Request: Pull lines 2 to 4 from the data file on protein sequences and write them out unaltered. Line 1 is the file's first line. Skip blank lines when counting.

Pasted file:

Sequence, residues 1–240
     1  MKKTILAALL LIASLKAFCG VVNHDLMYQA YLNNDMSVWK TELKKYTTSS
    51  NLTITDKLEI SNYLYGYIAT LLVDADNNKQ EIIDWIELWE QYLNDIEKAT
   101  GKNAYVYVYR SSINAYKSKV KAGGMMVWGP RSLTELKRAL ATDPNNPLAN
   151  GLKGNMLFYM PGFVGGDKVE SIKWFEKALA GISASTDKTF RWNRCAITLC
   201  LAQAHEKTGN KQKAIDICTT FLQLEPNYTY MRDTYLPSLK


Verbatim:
     1  MKKTILAALL LIASLKAFCG VVNHDLMYQA YLNNDMSVWK TELKKYTTSS
    51  NLTITDKLEI SNYLYGYIAT LLVDADNNKQ EIIDWIELWE QYLNDIEKAT
   101  GKNAYVYVYR SSINAYKSKV KAGGMMVWGP RSLTELKRAL ATDPNNPLAN